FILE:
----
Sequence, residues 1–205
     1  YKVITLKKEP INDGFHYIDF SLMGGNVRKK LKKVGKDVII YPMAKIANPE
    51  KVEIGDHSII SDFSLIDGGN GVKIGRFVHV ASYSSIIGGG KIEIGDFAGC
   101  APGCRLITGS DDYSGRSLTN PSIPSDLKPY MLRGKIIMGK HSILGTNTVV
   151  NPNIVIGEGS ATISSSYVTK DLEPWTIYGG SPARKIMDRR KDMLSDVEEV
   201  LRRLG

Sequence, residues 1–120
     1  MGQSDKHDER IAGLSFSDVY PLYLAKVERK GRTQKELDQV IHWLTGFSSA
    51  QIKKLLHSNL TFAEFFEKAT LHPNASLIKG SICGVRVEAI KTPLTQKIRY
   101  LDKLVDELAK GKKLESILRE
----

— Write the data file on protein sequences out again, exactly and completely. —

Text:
Sequence, residues 1–205
     1  YKVITLKKEP INDGFHYIDF SLMGGNVRKK LKKVGKDVII YPMAKIANPE
    51  KVEIGDHSII SDFSLIDGGN GVKIGRFVHV ASYSSIIGGG KIEIGDFAGC
   101  APGCRLITGS DDYSGRSLTN PSIPSDLKPY MLRGKIIMGK HSILGTNTVV
   151  NPNIVIGEGS ATISSSYVTK DLEPWTIYGG SPARKIMDRR KDMLSDVEEV
   201  LRRLG

Sequence, residues 1–120
     1  MGQSDKHDER IAGLSFSDVY PLYLAKVERK GRTQKELDQV IHWLTGFSSA
    51  QIKKLLHSNL TFAEFFEKAT LHPNASLIKG SICGVRVEAI KTPLTQKIRY
   101  LDKLVDELAK GKKLESILRE